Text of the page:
Beaufort loses a ‘bedrock’

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Ron Voegeli – staunch advocate for veterans, children – dies at 77

By Mike McCombs

Sometimes, the word hero is thrown around carelessly.

When it is used in connection with Ron Voegeli, however, you would have a hard time finding anyone in Beaufort who found it misappropriated.

Ronald “Ron” Lee Voegeli, 77, was laid to rest Tuesday, Jan. 7 in Beaufort National Cemetery with full military honors. He died New Year’s Day in Beaufort Memorial Hospital. He had been dealing with numerous health issues.

Beaufort’s veterans and those who work and advocate for the prevention of the abuse of children will feel the loss. They were the causes to which he dedicated his life.

We “lost a bedrock of our community in Ron Voegeli who served his country courageously and paid a personal price for the defense of democracy, cared for veterans from all services in need and was a champion for providing love and care for abused or about to be abused children,” Beaufort Mayor Billy Keyserling said in his newsletter.

“A national hero, after his military service Ron became a local hero and will be remembered as a legend for helping those who needed what they otherwise may not have received. This is a hard act to follow, but hopefully Ron touched so many lives. The many of us he gently touched will follow in his footsteps helping others in our community and beyond. Thanks to his wife Sandy and his many friends for sharing this brave, huge hearted gentleman who made an everlasting mark in our community.”

Even those who didn’t know Voegeli likely encountered him around town. He could be found having his weekly Thursday morning support meeting with veterans at the Hardees on Ribault Road.

Or in small businesses or public spaces around town encouraging veterans to fill out their Veterans Administration paperwork so that they might rightly receive the benefits they had earned in the service of their country.

“He has been a good friend and a buddy,” Disabled American Veterans Chapter 12 Commander Chris Swan said. “He was always looking out for us. Every organization wanted to have him. But his biggest focus was the veteran.”

Voegeli served Beaufort’s DAV chapter in every official capacity up through Commander. At the time of his death, he was serving as the chapter’s Adjutant/Treasurer. He held several positions at the state level and progressed as far as 1st Junior Vice Commander nationally.

According to Swan, Voegeli was likely in line to ascend to the role of National Commander before serious health issues slowed him down. Still, he served as a member of the National Committee.

But Voegeli’s focus was local. He tried to help as many veterans as he could in his own backyard.

He was personally responsible for enlisting the vast majority of DAV Chapter 12’s 1,700 members.

He was responsible for the chapter’s Volunteer Transportation Network and he organized and started the Christmas Food Box.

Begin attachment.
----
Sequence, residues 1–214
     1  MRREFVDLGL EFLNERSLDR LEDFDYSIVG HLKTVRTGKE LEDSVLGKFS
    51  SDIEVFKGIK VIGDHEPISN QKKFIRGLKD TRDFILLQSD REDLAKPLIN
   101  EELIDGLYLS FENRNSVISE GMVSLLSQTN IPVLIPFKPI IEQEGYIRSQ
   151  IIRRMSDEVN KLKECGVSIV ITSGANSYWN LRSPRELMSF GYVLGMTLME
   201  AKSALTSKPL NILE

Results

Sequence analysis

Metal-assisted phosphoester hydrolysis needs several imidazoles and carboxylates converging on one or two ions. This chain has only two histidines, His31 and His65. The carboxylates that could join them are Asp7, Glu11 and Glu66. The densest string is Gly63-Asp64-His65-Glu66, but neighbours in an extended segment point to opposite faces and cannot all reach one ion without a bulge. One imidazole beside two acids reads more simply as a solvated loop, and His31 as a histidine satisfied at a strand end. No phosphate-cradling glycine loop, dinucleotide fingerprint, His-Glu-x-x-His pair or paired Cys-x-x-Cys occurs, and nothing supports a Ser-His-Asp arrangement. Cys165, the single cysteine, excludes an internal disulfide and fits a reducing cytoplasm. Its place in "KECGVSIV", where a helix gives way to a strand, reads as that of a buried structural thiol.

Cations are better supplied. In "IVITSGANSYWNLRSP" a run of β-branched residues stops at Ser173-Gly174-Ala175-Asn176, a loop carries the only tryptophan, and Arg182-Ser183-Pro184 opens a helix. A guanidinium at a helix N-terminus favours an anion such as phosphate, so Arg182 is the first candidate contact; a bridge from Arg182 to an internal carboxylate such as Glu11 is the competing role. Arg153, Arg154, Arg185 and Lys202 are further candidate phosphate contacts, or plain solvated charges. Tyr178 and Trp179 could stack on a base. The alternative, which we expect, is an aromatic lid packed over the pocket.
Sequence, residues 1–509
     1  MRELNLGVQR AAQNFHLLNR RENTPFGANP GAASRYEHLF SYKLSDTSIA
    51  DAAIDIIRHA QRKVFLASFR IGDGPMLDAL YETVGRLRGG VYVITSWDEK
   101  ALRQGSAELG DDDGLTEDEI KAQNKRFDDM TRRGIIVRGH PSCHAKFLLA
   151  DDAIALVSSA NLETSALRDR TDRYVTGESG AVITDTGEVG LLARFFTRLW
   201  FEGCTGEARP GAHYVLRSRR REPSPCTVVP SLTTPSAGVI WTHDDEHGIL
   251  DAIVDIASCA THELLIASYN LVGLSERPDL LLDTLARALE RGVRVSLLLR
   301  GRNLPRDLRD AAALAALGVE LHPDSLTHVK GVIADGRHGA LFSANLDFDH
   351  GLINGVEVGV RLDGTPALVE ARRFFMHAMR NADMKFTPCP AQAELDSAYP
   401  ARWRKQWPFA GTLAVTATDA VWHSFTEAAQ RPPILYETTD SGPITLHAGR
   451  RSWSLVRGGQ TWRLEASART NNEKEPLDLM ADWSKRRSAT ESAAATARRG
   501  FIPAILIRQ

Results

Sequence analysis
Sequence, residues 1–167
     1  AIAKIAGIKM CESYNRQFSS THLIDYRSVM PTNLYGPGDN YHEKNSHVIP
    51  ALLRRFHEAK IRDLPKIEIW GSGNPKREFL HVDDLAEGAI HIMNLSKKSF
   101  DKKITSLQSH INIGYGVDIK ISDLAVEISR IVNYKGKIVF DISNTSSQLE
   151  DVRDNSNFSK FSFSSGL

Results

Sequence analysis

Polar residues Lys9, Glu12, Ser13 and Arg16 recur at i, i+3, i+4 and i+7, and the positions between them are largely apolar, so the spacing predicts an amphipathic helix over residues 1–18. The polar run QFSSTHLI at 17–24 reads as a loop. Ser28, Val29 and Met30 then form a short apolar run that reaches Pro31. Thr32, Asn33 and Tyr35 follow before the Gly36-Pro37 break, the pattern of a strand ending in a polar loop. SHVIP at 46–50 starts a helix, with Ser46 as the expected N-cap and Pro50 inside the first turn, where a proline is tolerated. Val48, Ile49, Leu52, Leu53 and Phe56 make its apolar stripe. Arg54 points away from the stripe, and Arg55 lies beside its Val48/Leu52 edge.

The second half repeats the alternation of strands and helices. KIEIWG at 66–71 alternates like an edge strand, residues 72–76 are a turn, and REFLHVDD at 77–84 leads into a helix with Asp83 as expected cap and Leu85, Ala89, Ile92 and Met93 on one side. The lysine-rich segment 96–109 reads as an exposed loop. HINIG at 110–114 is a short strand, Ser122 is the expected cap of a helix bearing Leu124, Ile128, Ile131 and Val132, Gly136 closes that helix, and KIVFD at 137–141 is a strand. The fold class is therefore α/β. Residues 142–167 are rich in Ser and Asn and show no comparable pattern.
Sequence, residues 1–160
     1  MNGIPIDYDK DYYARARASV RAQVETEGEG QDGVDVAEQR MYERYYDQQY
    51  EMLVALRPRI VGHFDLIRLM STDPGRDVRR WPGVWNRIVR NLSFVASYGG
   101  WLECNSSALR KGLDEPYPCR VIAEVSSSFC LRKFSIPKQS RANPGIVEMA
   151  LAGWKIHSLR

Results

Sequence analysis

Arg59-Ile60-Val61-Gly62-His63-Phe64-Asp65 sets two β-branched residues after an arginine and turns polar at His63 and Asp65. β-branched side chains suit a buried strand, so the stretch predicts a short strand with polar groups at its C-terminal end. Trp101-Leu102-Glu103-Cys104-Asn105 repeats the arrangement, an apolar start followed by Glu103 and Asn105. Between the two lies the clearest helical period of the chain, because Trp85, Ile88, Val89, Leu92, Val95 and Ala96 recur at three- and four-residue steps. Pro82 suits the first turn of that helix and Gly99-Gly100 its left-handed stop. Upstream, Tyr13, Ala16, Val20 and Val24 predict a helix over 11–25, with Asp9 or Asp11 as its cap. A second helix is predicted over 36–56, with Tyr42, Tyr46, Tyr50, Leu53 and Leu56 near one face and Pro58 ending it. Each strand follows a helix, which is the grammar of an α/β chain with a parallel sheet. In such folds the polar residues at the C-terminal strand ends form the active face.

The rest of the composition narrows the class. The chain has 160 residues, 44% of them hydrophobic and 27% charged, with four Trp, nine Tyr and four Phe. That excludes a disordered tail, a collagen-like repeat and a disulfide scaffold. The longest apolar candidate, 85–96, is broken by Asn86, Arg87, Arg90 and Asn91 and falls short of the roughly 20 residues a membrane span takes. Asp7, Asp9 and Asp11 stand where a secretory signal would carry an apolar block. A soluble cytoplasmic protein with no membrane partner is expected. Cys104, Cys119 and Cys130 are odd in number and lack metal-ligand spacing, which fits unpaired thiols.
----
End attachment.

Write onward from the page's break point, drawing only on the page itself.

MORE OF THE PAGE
Wreathes Across America, Beaufort Charities, the Adaptive Golf Program, the American Legion – all were causes by sister organizations he took pride in supporting. And placing flags on the markers of fallen veterans on Veterans Day was an honor.

But his two big habits were standing up for others who had no one to stand for them – veterans who died with no immediate family were guaranteed to receive a proper burial ceremony – and making sure veterans had all the help they needed when filling out paperwork and applying for VA benefits.

Voegeli spent hours counseling veterans and hours on the road when veterans couldn’t come to him … or didn’t know they wanted or needed to.

There may have been no cause closer to Voegeli’s heart than veterans, but if there was a close second, it was children, particularly the ones for which Beaufort’s Child Abuse Prevention Association (CAPA) cared.

Voegeli, according the organization’s Facebook post, was a “devout CAPA volunteer, donor, advocate, auction chairperson, and long-serving board member.”

“He was extremely involved. He never turned away a child. He always wanted to rock the babies in the shelter. And he ran our auction for 30 years,” CAPA Director of Development Jessica Chapman said.

“He was a huge supporter of CAPA. He coordinated our flag events and our ceremonial disposals. He never told us, ‘no.’ He personally gave us support for anything we needed. In return we tried to do the same for him.”

Voegeli enlisted in the U.S. Marines in August of 1960, serving in the 1st Marine Regiment, 1st Marine Division in Vietnam from 1969 to 1971, according to a DAV statement.

He later served as a drill instructor at Marine Corps Recruit Depot Parris Island before an assignment to Marine Corps Air Station Beaufort as an administrative chief with the 2nd Marine Aircraft Wing until his retirement as a gunnery sergeant in 1980.

His awards and decorations included the Navy Achievement Medal with a combat “V.”

“He never did anything small and his heart loved large. This community is a little dimmer today without him in it,” CAPA posted on Facebook. “Our thoughts and prayers are with Sandy, his children, and the rest of his family and friends.”


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